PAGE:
The volume of cash flows into the Egyptian economy since the flotation of the pound in November 2016 has exceeded LE100 billion, Central Bank of Egypt (CBE) Governor Tarek Amer announced in a press statement on Tuesday.
On the sidelines of the Financial Technology conference ‘Seamless North Africa’, host by Egypt for the first time on February 6-7, Amer added that the idea of establishing digital banks is being looked into, and mentioned that the CBE intends to implement an expansive monetary policy soon, but only after ensuring that inflation is controlled in order to avoid any reverse reaction.
Meanwhile, the CBE announced on Sunday that foreign currency reserves rose by $1.2 billion, to reach another record high of $38.209 billion at the end of January 2018.
The cash reserve stood at $37.019 billion at the end of December 2017.
Foreign reserves have been rising on a monthly basis since October 2016, according to the CBE.
CBE sources also announced in January that Egypt had repaid $30 billion of debt to foreign bodies in 2017. They added that the country is determined to pay a further $12 billion in debts and commitments in 2018.
2017 payments included bonds and debts to international banks, such as the African Export Import Bank, deposits and loans received from Saudi Arabia, Libya, and Turkey, in addition to financial commitments to the Petroleum Authority and the creditors’ group – The Paris Club.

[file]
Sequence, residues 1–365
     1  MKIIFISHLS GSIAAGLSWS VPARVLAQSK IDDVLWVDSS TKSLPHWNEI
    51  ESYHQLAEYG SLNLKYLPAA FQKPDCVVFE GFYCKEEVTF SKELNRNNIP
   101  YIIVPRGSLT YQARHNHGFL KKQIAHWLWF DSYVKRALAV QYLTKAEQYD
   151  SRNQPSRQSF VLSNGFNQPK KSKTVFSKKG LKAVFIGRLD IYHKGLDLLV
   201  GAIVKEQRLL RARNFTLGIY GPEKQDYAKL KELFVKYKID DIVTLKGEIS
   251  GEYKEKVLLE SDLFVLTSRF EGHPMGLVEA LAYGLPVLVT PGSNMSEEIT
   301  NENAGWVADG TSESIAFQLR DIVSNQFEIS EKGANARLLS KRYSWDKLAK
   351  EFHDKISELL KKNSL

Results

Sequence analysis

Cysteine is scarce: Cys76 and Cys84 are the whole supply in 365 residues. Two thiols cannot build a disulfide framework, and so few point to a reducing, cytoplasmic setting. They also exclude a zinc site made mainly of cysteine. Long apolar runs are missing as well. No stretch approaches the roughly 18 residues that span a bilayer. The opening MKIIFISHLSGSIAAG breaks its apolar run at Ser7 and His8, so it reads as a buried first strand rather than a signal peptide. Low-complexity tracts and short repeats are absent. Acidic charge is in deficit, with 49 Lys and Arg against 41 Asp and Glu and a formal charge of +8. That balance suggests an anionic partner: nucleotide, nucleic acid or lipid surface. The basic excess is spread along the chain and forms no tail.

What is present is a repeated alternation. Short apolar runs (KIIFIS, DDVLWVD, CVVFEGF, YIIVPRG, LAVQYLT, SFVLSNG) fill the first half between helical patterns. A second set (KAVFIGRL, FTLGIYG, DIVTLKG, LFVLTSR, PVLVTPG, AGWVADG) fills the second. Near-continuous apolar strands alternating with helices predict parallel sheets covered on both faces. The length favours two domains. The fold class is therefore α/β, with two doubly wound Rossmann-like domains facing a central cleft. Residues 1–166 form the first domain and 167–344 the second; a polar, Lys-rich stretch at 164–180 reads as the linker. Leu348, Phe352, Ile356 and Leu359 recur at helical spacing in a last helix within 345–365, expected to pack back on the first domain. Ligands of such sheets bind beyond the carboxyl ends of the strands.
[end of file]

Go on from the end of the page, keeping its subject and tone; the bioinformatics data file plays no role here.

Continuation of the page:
The sources also explained that Egypt has began negotiations with several Gulf creditors to extend the duration of the repayment periods, which they deposited at the CBE.
Ismail Hassan, the former Governor of the CBE, said that Egypt’s foreign debts remain within a safe limit. He added that Egypt’s foreign reserves had not been affected by debt repayments.
Remittances paid a major role in strengthening Egypt’s foreign currency reserves, from November 2016 to November 2017, the total sum of remittances sent to Egypt from expats working abroad reached $24.2 billion, the highest recorded level in Egyptian history.
Edited translation from Al-Masry Al-Youm